One of a number of basic theories in the Marxist milieu for what causes capitalist economic crises. Marx called these events “overproduction crises”, though he actually put forward at least three different explanations for them—overproduction (or underconsumption), the anarchy of capitalist production, and the falling rate of profit theory). (And the followers of Marx have constructed even more crisis theories besides those three.)
Underconsumption is just another way of looking at overproduction; they are two sides of the same coin. Underconsumption is in relation to what the masses of the people actually need and want, and results from their not having enough money to buy those commodities. Overproduction is in relation to the real market demand (and not in relation to what people need and want!), but likewise results from people not having the money to buy all the things that are produced which they do in fact need and want.
Some of the early bourgeois theorists of underconsumption (such as Rodbertus, but including even Sismondi, the best of them) put forward undeveloped and often quite naive theories that tended to discredit this type of explanation for capitalist economic crises. In particular, many of them thought that simply raising wages would prevent such crises. (It is actually impossible for the capitalists to raise wages to that degree; they would go broke! In any case, they are definitely unwilling to even give it a try!) Furthermore, because of the multifaceted explanations which Marx himself gave for crises, even many Marxists do not understand that his central, and most essential, explanation was in fact a much more sophisticated form of underconsumption/overproduction theory than bourgeois economists like Rodbertus put forward. Hence the name he used for the phenomenon! Most of us defenders of the “underconsumption” theory of crises follow Marx and instead refer to them as “overproduction crises”. Consequently the term “underconsumptionism” is used mostly by opponents of overproduction theories of capitalist economic crises.
It should also be noted that Marx’s theory of overproduction focuses primarily not on the excess consumer commodities themselves (which are produced relative to the market demand), but rather the excess capital that is created which in turn can be used to produce so many “excess” commodities. In other words Marx is focusing on the overproduction of capital, rather than the overproduction of consumer commodities. This also explains why the term “overproduction” is superior to “underconsumption” in his theory.
See: OVERPRODUCTION CRISES.
1. Either a formal or informal agreement of different political forces (possibly even from different social classes) to work cooperatively with regard to one or a few issues on which they agree, despite their many disagreements on other issues.
2. A government created on the basis of such an agreement, even if unstable over the long term, and probably short-lived. [More to be added.]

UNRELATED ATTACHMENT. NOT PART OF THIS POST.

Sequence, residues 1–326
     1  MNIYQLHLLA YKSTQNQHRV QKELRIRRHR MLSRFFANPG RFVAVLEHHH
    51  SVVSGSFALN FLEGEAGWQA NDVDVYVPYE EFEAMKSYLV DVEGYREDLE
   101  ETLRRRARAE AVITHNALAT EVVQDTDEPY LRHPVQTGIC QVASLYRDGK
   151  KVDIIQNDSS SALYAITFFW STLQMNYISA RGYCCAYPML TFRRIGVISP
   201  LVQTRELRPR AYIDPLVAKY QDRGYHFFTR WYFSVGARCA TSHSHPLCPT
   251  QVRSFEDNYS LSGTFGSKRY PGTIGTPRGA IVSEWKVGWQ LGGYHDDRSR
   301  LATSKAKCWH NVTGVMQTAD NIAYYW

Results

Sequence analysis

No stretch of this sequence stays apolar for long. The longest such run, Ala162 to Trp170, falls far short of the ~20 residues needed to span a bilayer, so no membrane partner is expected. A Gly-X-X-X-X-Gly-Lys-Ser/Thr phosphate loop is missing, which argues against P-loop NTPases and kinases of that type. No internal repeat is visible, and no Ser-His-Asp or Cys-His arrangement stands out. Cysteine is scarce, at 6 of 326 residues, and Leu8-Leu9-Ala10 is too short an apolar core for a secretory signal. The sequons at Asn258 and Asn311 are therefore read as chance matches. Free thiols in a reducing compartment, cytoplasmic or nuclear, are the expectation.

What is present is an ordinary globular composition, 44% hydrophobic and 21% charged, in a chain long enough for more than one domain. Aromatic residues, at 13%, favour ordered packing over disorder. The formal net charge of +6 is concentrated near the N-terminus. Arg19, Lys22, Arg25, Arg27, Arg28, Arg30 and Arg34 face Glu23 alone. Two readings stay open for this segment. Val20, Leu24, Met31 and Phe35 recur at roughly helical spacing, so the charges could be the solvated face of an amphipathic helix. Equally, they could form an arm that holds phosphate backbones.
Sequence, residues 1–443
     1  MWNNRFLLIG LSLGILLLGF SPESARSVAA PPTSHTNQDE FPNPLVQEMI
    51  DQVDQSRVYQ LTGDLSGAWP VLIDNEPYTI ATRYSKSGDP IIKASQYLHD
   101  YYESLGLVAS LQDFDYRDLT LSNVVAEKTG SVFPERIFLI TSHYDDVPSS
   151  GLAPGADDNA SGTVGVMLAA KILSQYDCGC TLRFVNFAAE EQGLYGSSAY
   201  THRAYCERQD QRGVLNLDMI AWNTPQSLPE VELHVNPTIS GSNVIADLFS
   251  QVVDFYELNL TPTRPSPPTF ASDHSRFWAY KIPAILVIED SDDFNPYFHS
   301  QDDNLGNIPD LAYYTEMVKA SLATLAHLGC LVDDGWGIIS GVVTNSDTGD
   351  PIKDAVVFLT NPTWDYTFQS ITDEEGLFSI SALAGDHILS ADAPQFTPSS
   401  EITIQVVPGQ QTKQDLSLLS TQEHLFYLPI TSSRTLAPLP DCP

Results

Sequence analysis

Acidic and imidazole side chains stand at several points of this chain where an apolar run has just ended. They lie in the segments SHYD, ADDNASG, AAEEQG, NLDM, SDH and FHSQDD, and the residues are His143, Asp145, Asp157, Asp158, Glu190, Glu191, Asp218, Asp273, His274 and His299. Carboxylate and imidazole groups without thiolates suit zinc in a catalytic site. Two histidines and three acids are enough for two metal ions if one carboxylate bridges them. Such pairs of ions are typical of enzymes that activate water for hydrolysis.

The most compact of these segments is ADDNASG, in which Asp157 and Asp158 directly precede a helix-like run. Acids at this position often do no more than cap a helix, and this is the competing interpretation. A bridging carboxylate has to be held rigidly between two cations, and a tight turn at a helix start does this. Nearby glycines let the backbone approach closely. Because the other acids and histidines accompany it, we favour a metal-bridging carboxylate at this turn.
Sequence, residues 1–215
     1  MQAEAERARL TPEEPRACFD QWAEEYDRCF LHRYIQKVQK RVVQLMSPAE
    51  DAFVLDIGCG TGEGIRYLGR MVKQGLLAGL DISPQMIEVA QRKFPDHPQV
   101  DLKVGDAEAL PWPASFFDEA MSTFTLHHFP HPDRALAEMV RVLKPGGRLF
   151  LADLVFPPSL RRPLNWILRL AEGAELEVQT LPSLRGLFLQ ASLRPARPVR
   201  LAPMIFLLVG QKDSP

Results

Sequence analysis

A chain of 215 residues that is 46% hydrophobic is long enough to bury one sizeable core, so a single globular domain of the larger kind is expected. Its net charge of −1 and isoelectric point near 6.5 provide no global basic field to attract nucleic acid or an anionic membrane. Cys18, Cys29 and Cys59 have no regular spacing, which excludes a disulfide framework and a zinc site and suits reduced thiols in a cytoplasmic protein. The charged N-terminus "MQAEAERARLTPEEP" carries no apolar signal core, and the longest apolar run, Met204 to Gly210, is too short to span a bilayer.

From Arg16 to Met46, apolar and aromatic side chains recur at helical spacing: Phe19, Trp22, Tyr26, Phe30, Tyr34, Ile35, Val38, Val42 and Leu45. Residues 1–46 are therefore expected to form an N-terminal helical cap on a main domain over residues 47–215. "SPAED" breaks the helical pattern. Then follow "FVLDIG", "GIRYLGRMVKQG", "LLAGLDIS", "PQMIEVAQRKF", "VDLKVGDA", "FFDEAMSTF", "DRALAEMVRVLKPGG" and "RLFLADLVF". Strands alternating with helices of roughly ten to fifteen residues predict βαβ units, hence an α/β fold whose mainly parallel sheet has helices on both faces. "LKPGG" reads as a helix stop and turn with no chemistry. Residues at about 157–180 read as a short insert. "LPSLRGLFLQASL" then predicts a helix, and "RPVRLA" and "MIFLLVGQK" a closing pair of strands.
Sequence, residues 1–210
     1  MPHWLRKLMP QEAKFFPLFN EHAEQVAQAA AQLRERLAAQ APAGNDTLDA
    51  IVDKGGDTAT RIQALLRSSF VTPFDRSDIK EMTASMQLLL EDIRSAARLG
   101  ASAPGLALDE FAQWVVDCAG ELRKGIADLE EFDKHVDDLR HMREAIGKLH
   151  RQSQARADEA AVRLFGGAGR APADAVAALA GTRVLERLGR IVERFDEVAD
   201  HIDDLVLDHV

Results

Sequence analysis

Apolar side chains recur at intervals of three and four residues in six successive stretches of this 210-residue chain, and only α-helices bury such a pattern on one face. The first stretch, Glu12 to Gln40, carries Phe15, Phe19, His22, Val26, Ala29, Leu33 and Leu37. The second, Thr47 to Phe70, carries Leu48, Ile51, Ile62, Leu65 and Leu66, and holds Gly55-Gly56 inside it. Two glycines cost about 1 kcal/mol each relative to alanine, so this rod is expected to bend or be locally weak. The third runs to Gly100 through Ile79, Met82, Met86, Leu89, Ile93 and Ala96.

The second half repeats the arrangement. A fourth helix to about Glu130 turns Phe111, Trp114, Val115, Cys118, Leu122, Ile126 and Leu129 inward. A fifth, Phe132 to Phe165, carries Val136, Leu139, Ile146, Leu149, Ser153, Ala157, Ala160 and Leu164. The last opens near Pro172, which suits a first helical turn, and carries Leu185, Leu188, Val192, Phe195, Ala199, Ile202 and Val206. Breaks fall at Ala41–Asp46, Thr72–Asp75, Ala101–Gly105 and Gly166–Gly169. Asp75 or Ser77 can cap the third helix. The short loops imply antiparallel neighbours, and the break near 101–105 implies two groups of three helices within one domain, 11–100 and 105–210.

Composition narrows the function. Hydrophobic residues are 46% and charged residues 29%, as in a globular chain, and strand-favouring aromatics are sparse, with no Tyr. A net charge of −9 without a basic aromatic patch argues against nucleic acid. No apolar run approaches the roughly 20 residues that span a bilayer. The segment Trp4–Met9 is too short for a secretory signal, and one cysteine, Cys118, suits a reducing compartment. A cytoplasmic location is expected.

U.S. GOVERNMENT — Control Of
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“The real truth of the matter is, as you and I know, that a financial element in the larger centers has owned the Government ever since the days of Andrew Jackson.” —Franklin Delano Roosevelt, speaking to Colonel Edward M. House, Nov. 21, 1933. [Quoted in: Ronald Wright, What Is America? (2008), p. 169.]
U.S. IMPERIALISM — Crimes Of
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“I never apologize for the United States of America. I don’t care what the facts are.” —George H. Bush, while campaigning for President in 1988, speaking soon after the U.S. warship Vincennes “accidently” shot down an Iranian airliner on July 3, 1988, killing all 290 people on board. [Quoted in Harper’s magazine, November 1990.]
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See also: PRODUCTIVE LABOR
UPPER PALEOLITHIC (LATE PALEOLITHIC)
The European pre-historical period from about 35,000 to 11,000 years ago. The Upper Paleolithic and first part of the Neolithic are generally divided into six principle cultural periods (which overlap somewhat): The Chatelperonian (35,000-30,000 years ago); the Aurignacian (34,000-30,000); the Gravettian (30,000-22,000); the Solutrean (22,000-18,000); the Magdelenian (18,000-11,000); and the Azilian (11,000-9,000). [Roger Lewin, In the Age of Mankind (1988), pp. 145-6.]
See also: PALEOLITHIC
[Sometimes without the hyphen.] 1. An item which is useful or meets a need or satisfies a desire that someone has. (Marx generally uses the term in this sense.)
2. The characteristic(s) of an item that makes it useful or allows it to meet a need.
“Whatever its social form may be, wealth always consists of use-values...” —Marx, CCPE, pp. 27-8. “The use-value of a commodity is the basis of its exchange-value and thus of its value.” —Marx, Capital, vol. III, Part VI, Ch. 37: (International, p. 636; Penguin, p. 774.)
See also: VALUE and EXCHANGE-VALUE
1. Any of a large number of ethical theories, most of which are now varieties of hedonism, and therefore focus on “happiness” and “pain”.
2. [Originally, and logically:] The ethical theory that goodness and morality derive from utility or usefulness. Marxist-Leninist Class Interest Ethics has developed from these roots.
See also: Philosophical Doggerel on utilitarianism.
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“It is natural that utopian theories, which before the era of materialistic critical socialism contained the rudiments of the latter within itself, can now, coming belatedly, only be silly, stale, and basically reactionary.” —Marx, Letter to Friedrich Adolph Sorge, Oct. 19, 1877, Marx-Engels: Selected Correspondence (Moscow: Progress, 1975), p. 291. [In a slightly different translation in MECW 45:284.]
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